In an effort at streamlining, in March Beijing elevated the former State Environmental Protection Agency to full ministry status, giving Vice Minister Pan more clout to coordinate environmental policy. The new Ministry of Environmental Protection is now lobbying other ministries to share pollution data, a key to enforcement. It has hopes of a breakthrough in lakes, rivers and streams. Pan is also sponsoring ambitious surveillance projects such as a nationwide "Water Pollution Map" and taking a high profile in battling pollution emergencies such as the Taihu algae crisis. His latest initiative is a "green economics" program that would provide preferential access to insurance, credit and IPOs for businesses that meet certain green criteria. Later this year the MEP expects to co-launch trials, together with banking, insurance and securities regulators.
The MEP still has to compete with other chunks of China's vast bureaucracy. For instance, so far the ministry is having a tough time persuading China's business ministries—such as Commerce, Finance and the Tax Bureau—to push forward emission taxes for car buyers and pollution taxes for enterprises. But Pan is regarded as a charismatic leader and skillful lobbyist. "He can do things others can't," says a source who requested anonymity because he isn't cleared to talk with foreign media.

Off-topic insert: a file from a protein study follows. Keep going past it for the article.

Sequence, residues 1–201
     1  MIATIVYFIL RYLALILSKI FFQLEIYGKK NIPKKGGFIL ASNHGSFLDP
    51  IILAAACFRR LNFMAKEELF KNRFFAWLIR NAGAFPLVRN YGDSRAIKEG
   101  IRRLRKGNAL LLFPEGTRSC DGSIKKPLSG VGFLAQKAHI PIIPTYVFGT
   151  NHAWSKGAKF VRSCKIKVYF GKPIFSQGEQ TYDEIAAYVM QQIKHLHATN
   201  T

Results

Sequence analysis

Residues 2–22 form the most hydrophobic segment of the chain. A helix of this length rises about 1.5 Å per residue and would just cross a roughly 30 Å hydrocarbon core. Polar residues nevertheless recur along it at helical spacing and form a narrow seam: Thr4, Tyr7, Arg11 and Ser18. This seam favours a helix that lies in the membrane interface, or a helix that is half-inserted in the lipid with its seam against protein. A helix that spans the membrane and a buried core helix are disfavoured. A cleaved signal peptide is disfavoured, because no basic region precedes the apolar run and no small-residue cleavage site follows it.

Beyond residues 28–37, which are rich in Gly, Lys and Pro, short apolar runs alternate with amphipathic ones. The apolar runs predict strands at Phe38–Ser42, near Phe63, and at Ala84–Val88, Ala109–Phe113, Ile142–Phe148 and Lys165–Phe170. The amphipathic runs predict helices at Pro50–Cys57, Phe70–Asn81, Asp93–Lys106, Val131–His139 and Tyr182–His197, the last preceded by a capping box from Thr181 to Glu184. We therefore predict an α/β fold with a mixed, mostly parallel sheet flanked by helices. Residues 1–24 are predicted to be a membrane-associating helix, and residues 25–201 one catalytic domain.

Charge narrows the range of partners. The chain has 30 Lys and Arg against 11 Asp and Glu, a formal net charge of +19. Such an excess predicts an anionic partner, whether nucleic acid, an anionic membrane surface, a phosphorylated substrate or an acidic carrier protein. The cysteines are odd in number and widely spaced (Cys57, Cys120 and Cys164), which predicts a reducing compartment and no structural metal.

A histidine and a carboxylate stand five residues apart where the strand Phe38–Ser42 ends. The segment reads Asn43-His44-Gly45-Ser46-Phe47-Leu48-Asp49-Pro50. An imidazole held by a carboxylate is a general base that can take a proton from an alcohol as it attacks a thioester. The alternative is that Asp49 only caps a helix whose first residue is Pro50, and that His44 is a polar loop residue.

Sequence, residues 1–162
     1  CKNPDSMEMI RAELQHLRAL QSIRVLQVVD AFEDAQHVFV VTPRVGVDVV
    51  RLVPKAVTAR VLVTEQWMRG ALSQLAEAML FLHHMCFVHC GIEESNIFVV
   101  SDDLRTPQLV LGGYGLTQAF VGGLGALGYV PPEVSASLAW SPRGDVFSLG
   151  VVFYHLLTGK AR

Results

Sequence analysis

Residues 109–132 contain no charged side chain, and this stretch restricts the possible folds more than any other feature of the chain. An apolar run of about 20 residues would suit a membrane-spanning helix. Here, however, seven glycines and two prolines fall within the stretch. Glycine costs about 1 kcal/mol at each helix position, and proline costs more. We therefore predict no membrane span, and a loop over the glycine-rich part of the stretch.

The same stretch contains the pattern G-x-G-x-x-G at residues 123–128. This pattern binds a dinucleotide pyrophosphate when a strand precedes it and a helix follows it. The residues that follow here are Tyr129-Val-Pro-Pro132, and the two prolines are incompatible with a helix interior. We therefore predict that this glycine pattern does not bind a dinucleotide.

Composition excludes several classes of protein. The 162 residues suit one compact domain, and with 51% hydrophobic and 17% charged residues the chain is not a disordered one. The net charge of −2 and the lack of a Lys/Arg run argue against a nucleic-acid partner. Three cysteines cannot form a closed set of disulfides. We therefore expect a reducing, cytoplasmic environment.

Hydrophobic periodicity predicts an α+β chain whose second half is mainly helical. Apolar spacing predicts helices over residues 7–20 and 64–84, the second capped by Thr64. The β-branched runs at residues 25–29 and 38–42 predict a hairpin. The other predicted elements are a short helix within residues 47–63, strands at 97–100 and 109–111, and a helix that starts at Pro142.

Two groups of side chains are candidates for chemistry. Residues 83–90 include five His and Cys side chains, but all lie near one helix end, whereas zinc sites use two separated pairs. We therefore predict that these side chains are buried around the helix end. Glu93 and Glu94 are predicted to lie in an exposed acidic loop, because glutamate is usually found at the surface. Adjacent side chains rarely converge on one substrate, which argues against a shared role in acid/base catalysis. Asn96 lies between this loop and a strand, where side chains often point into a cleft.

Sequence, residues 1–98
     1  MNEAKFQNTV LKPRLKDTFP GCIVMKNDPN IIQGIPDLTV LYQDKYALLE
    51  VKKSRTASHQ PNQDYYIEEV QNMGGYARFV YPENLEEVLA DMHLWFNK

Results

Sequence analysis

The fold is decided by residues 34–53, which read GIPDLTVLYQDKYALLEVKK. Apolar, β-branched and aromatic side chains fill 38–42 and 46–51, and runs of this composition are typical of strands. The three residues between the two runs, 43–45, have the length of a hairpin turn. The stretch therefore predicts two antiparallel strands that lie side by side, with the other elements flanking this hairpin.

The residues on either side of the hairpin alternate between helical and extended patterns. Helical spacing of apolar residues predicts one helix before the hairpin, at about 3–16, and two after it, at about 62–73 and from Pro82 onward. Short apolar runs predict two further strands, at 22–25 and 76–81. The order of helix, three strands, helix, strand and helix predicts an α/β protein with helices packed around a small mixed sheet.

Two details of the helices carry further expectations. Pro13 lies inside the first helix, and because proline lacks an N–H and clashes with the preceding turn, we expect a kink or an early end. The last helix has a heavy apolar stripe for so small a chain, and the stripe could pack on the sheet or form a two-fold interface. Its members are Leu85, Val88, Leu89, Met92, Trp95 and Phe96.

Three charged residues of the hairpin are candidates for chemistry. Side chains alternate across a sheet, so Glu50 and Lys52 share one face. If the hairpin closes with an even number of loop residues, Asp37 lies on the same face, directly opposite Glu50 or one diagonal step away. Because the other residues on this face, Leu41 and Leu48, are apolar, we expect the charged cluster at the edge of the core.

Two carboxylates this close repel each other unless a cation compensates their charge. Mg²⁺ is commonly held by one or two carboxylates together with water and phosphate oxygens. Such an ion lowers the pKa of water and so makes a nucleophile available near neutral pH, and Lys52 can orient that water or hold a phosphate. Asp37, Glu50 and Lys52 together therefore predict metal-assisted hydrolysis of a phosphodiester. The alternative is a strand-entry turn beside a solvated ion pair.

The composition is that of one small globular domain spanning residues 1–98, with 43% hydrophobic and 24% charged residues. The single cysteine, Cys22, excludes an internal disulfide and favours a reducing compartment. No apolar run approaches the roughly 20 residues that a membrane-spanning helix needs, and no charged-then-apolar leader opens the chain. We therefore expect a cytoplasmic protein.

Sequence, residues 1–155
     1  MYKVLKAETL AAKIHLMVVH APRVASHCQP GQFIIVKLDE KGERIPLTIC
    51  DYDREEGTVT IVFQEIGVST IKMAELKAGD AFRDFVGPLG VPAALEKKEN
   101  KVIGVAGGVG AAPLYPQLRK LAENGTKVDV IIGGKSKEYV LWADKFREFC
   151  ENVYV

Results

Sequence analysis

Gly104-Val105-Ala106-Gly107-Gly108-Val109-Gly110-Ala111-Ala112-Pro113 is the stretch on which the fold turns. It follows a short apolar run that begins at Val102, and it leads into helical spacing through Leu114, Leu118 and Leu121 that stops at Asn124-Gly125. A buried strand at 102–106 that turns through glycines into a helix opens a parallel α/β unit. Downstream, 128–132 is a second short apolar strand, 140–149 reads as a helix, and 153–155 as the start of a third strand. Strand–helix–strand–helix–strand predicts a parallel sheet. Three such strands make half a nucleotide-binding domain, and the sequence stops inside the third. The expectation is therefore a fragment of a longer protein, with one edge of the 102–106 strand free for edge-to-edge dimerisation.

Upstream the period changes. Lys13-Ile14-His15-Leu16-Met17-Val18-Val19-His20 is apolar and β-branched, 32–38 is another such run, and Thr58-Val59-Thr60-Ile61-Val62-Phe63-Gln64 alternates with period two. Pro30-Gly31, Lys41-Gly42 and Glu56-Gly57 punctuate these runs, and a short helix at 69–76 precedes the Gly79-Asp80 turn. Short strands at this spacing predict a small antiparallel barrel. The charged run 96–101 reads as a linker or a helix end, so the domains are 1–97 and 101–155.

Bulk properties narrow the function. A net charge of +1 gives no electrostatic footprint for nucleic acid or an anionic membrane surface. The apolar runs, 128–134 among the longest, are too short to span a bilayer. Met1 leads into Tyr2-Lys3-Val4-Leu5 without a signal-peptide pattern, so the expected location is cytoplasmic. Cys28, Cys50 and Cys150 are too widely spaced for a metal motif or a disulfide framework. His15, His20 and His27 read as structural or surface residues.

The Green GDP project did succeed in galvanizing some like-minded provincial leaders, particularly mayors of modest-size cities where green industries have been taking root. In Changshu, for instance, local plants have recently launched recycling projects and a carbon-credit scheme. Green advocates also took heart that the final political work report at last autumn's Party Congress placed greater emphasis on sustainable development and environmental protection than ever before. But China is a victim of its own success. One reason it ranks last in its income decile—sabotaging its "we're too poor to be green" argument—is its addiction to rapid growth. Party leaders fear that going too green too fast will hurt their business partners and their people, who are already feeling the pain of inflation and rising production costs. Beijing must forge incentives within its own bureaucracy before it can convince the rest of the country that the price of going green is worth paying.